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Spectral graph theoretic methods have recently shown great promise for the problem of image segmentation. However, due to the computational demands of these approaches, applications to large problems such as spatiotemporal data and high resolution imagery have been slow to appear. The contribution of this paper is a method that substantially reduces the computational requirements of grouping algorithms based on spectral partitioning making it feasible to apply them to very large grouping problems. Our approach is based on a technique for the numerical solution of eigenfunction problems knownas the Nyström method. This method allows one to extrapolate the complete grouping solution using only a small number of "typical" samples. In doing so, we leverage the fact that there are far fewer coherent groups in a scene than pixels.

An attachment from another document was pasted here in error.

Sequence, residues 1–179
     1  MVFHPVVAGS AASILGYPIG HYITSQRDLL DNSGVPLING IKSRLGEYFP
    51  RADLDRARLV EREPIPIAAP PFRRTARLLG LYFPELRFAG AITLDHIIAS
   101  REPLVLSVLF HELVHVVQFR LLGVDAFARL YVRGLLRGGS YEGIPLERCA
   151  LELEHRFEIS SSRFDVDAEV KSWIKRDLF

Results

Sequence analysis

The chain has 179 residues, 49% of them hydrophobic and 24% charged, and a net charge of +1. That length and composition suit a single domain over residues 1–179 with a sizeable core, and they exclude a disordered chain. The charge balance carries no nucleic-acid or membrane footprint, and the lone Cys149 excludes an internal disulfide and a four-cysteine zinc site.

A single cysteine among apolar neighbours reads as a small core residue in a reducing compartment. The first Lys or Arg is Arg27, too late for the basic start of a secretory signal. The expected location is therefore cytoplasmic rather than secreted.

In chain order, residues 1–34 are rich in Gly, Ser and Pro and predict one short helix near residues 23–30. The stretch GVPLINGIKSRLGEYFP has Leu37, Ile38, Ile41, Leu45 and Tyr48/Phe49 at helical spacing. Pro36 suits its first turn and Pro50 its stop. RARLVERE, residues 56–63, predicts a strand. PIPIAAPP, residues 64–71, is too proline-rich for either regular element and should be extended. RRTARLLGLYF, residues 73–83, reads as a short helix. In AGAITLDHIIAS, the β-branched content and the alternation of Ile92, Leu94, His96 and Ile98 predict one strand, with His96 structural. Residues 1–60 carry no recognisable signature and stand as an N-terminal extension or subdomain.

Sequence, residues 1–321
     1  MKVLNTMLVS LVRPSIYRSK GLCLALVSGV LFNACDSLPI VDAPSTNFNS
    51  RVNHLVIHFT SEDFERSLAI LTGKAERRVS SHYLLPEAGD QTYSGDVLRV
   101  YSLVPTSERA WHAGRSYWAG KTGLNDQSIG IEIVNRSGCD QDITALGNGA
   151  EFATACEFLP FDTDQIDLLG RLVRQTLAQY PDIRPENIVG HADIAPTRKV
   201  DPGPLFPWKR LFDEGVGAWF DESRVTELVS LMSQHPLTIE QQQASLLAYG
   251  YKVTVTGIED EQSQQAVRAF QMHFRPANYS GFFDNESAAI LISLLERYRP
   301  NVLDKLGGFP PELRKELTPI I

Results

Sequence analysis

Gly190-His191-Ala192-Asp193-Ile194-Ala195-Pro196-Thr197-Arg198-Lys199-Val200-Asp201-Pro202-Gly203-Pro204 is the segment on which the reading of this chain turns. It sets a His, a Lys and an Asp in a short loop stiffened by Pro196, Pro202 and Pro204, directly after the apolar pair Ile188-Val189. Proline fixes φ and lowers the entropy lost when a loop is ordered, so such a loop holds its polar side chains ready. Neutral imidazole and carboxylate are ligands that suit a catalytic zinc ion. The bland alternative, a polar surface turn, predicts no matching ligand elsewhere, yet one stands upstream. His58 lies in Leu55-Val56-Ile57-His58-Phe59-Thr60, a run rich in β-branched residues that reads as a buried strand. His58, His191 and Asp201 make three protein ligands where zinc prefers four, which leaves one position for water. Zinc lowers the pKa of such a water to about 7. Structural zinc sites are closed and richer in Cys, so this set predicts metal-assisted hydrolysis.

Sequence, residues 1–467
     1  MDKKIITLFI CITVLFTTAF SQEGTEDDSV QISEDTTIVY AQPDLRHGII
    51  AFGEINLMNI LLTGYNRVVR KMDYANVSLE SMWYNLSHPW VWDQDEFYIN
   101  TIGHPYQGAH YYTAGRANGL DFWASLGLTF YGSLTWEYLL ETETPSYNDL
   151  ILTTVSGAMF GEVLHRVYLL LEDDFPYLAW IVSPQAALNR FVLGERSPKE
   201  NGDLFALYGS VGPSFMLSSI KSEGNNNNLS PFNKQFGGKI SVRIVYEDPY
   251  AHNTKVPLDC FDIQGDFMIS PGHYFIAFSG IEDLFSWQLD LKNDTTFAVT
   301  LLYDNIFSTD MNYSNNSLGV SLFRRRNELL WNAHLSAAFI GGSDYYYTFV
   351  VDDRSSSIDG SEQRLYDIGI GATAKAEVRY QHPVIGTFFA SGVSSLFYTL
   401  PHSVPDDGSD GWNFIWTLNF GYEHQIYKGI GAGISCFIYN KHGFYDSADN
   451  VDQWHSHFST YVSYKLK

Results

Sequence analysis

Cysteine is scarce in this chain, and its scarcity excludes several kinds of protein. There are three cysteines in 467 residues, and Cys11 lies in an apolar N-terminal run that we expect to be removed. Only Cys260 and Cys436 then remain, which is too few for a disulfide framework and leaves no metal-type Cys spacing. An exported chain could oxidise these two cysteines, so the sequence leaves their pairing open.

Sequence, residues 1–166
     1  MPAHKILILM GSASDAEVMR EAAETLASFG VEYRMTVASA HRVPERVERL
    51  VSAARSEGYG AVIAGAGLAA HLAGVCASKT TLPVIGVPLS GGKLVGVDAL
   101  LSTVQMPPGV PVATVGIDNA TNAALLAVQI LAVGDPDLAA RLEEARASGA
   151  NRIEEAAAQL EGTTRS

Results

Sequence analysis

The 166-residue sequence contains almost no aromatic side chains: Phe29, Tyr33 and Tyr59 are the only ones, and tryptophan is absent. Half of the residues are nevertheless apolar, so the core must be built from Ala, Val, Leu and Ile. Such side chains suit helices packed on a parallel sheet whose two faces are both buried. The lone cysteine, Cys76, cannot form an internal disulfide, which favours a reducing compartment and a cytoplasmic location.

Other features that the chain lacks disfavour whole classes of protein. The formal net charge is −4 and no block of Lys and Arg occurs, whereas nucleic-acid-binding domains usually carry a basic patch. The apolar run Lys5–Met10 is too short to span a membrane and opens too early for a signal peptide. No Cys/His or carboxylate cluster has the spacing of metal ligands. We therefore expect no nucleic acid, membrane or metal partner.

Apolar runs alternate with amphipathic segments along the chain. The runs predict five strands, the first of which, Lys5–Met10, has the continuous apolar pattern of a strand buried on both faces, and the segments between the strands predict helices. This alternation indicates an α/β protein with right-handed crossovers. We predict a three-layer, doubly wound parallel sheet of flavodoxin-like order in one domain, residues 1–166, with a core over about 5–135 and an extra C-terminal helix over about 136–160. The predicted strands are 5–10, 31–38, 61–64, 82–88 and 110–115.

OutofSample Extensions for LLE, Isomap, MDS, Eigenmaps, and Spectral Clustering
 In Advances in Neural Information Processing Systems
, 2004
"... Several unsupervised learning algorithms based on an eigendecomposition provide either an embedding or a clustering only for given training points, with no straightforward extension for outofsample examples short of recomputing eigenvectors. This paper provides a unified framework for extending Lo ..."
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Cited by 94 (2 self)
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Several unsupervised learning algorithms based on an eigendecomposition provide either an embedding or a clustering only for given training points, with no straightforward extension for outofsample examples short of recomputing eigenvectors. This paper provides a unified framework for extending Local Linear Embedding (LLE), Isomap, Laplacian Eigenmaps, MultiDimensional Scaling (for dimensionality reduction) as well as for Spectral Clustering. This framework is based on seeing these algorithms as learning eigenfunctions of a datadependent kernel.